For-prof­its now care for about 90 per­cent of Nor­way’s refugees. A gold rush has com­menced, and it’s also a bit of a cir­cus. Just out­side Oslo, a savvy en­tre­pre­neur named Ola Moe re­cently rented a va­cant hos­pi­tal for $10,000 a month, did min­i­mal up­grades, and be­gan charg­ing the gov­ern­ment $460,000 a month to house and feed 200 refugees. At a refugee cen­ter in Southern Nor­way, 50 res­i­dent asy­lum seek­ers went on a two-hour march in Novem­ber to protest the poor food, prompt­ing one politi­cian, an Ira­nian Nor­we­gian named Maz­yar Kesh­vari, to pro­claim, “Th­ese un­grate­ful peo­ple should im­me­di­ately leave the coun­try.”

Amid such con­tro­versy, the Adolf­sens ap­pear like poised pro­fes­sion­als. In press pho­to­graphs, they flash can-do smiles as they sit be­fore gleam­ing con­fer­ence ta­bles in airy of­fice tow­ers. One Oslo pa­per, Da­gens Naer­ingsliv, has called them “Nor­way’s least known bil­lion­aires.” Yet con­cerns re­main. In their mon­e­ti­za­tion of the refugee cri­sis, will the Adolf­sens pro­vide su­pe­rior, more ef­fi­cient havens, or will they cut cor­ners and skimp on ser­vices to im­prove prof­its? And does their bot­tom-line ap­proach threaten a depth of car­ing that tran­scends hard cash?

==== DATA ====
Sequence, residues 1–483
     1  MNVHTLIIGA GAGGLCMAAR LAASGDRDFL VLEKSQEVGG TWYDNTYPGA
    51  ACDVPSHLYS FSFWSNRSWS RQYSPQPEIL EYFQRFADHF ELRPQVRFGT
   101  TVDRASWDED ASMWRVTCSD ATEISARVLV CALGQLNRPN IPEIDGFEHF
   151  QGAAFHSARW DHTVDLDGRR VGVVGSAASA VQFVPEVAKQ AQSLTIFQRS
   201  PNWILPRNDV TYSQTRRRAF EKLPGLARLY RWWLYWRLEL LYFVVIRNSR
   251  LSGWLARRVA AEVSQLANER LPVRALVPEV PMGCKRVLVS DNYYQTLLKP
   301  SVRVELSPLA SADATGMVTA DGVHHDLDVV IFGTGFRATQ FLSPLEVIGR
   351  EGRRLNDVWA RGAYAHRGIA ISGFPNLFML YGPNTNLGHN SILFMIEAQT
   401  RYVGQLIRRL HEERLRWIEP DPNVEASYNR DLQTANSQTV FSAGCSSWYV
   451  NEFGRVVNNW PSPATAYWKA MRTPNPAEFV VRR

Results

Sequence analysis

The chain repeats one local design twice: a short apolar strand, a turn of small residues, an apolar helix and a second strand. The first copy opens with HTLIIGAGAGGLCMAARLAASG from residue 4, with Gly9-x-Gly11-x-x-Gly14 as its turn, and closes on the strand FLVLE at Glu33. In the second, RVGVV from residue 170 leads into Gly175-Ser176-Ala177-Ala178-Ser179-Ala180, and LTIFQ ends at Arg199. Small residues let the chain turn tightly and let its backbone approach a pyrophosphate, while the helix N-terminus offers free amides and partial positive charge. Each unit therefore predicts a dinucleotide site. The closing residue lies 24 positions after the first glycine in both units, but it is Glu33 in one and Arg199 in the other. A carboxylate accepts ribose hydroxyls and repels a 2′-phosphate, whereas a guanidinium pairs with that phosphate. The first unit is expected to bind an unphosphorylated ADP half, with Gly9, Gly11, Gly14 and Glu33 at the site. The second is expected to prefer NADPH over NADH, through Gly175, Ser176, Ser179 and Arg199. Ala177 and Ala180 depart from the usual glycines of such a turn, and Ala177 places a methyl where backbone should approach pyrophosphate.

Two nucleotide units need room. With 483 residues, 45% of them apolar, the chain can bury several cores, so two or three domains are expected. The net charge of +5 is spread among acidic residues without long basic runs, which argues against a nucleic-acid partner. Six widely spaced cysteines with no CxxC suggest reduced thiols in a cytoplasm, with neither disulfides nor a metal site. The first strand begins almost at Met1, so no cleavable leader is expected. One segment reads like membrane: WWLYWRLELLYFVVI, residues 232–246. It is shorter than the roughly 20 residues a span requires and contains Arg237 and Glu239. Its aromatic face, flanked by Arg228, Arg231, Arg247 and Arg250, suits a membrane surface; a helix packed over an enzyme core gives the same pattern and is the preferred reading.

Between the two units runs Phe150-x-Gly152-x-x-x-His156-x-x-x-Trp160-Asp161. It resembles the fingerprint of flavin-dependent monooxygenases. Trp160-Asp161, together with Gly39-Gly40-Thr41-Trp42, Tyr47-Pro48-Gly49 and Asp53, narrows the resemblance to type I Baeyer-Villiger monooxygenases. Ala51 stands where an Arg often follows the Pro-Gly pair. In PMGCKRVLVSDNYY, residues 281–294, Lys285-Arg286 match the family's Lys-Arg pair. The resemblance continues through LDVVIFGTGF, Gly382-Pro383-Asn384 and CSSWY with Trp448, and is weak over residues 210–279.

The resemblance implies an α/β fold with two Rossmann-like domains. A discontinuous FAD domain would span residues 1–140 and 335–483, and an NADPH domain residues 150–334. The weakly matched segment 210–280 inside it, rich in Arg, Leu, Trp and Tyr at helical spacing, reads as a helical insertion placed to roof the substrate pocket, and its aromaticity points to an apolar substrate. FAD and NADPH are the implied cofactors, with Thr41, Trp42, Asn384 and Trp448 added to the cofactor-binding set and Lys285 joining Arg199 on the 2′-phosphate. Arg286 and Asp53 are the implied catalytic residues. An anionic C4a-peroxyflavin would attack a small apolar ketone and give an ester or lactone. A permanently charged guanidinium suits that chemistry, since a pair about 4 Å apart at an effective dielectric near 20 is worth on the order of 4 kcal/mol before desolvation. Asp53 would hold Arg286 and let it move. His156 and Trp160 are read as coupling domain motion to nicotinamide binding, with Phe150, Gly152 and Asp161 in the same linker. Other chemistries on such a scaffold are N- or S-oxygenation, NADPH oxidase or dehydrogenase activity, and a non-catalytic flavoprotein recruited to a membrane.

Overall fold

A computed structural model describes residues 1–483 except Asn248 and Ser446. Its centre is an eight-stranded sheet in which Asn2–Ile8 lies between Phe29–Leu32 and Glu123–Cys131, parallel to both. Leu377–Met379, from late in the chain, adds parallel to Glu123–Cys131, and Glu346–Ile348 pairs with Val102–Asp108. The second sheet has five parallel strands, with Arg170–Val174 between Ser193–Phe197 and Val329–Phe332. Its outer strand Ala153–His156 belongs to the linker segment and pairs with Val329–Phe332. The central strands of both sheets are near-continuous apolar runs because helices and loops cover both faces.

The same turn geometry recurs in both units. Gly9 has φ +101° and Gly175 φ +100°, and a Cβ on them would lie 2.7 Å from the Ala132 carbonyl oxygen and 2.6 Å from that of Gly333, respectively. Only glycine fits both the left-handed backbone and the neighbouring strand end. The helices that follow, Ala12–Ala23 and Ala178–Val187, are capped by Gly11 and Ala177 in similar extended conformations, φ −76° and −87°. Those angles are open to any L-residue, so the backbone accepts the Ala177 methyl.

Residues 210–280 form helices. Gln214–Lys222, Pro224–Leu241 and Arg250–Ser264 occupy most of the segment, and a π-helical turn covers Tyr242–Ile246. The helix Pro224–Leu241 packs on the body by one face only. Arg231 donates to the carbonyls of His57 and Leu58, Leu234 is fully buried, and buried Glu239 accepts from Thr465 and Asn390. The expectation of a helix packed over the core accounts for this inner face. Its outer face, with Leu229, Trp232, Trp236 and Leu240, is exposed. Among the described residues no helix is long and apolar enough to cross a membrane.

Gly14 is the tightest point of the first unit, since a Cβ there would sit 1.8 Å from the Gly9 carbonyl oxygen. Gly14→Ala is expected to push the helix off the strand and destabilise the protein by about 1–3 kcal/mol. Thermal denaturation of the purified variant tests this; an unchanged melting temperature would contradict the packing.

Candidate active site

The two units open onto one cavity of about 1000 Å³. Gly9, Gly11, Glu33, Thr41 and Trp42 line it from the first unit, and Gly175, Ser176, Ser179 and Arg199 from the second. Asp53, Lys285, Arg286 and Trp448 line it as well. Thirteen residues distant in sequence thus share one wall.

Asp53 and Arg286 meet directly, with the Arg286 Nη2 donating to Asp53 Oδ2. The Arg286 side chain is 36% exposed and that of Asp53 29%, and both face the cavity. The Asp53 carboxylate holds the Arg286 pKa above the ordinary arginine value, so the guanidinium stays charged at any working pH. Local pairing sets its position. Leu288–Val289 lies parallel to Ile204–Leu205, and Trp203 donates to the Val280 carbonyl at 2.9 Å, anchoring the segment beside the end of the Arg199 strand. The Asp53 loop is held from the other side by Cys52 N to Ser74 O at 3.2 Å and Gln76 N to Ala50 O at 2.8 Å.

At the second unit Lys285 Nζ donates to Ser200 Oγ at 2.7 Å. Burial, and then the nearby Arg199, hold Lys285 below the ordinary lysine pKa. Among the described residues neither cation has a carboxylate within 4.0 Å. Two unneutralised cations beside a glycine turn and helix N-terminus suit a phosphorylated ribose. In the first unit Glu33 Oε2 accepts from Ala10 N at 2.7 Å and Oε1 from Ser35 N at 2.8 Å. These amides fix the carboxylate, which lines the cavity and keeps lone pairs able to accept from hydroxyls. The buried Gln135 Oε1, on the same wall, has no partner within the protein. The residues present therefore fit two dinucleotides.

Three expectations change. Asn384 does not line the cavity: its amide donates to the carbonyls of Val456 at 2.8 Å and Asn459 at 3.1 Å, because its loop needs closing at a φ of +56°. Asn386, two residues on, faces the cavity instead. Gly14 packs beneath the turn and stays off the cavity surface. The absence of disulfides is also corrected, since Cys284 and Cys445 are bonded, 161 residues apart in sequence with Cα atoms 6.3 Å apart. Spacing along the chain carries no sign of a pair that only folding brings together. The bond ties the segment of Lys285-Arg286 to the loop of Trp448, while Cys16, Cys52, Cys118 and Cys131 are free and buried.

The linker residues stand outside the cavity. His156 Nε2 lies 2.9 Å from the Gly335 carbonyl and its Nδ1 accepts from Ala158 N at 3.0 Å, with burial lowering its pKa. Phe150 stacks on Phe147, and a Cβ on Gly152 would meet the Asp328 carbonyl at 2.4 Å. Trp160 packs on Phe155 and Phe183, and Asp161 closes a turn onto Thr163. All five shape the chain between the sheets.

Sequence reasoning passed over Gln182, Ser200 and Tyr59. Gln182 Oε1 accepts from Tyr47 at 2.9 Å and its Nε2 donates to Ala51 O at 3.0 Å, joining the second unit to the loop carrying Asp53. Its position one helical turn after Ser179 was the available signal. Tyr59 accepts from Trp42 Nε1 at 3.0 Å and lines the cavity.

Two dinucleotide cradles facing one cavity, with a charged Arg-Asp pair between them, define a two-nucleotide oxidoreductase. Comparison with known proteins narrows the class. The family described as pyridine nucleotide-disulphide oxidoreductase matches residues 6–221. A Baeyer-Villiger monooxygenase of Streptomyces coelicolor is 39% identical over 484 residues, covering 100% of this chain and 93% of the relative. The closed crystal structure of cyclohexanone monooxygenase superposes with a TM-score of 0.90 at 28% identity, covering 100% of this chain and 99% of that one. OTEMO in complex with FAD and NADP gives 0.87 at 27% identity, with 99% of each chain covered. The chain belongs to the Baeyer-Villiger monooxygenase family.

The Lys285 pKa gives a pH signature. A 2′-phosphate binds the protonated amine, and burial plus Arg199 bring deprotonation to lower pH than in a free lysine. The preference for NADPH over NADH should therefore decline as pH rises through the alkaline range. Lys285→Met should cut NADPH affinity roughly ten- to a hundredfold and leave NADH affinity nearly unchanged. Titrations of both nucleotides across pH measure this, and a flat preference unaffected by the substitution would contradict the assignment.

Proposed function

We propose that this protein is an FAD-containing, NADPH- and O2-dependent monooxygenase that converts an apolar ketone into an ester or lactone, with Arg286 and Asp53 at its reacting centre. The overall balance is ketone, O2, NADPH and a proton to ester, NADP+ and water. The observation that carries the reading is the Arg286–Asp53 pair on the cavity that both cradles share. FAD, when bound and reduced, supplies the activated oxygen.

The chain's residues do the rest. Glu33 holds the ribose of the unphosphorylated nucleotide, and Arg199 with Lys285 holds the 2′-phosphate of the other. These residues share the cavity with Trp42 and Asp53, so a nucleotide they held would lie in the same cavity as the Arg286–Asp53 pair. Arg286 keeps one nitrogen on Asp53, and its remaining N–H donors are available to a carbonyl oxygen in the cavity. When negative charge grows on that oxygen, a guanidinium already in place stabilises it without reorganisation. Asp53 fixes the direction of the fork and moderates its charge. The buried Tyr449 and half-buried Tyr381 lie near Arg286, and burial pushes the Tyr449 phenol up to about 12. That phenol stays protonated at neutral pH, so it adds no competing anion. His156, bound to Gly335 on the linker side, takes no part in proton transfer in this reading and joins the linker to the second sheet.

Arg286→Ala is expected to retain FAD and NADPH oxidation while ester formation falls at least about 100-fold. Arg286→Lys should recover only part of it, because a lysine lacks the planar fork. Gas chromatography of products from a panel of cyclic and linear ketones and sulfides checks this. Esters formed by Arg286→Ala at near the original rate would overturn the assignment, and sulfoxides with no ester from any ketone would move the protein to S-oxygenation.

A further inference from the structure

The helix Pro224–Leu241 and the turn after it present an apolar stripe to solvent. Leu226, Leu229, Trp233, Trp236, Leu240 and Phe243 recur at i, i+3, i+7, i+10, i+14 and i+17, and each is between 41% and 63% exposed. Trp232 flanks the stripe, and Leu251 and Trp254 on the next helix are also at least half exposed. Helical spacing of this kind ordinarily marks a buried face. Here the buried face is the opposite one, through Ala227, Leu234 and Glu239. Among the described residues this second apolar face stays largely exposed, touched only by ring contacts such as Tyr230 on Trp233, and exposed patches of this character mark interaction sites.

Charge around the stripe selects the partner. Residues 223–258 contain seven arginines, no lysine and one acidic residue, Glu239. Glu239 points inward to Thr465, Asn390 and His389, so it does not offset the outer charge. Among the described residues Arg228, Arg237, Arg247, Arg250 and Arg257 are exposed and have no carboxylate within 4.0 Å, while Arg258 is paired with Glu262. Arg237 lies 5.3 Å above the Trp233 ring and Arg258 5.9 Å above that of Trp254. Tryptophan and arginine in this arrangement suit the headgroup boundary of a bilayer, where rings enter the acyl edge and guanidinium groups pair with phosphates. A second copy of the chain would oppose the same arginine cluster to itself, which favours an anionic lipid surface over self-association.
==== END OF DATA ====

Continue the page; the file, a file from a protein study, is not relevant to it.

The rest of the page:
Kris­tian and Roger grew up in North­ern Nor­way, a sparsely peo­pled re­gion im­bued with a provin­cial, gloomy, Southern Rock vibe. Moon­shine is pop­u­lar there, along with fish­ing and hunt­ing, and the Adolf­sen broth­ers pride them­selves on speak­ing a north­ern di­alect, which Kris­tian says “is filled with swear words—not bad ones, but you know, stuff like ‘devil hell.’ ” Their home­town of An­denes, pop­u­la­tion 3,500, sit­u­ated on An­doya Is­land, is so windy there are al­most no trees. Their fa­ther, Kol­b­jorn, an en­gi­neer, worked days at the An­doya Space Cen­ter, launch­ing rock­ets to study the north­ern lights. In the evening, he ran a TV sales and re­pair shop. Even­tu­ally he built a ho­tel. “A lot of peo­ple in Nor­way have cab­ins,” says Kris­tian. “Our sec­ond home was the TV shop. That’s where we saw our fa­ther.”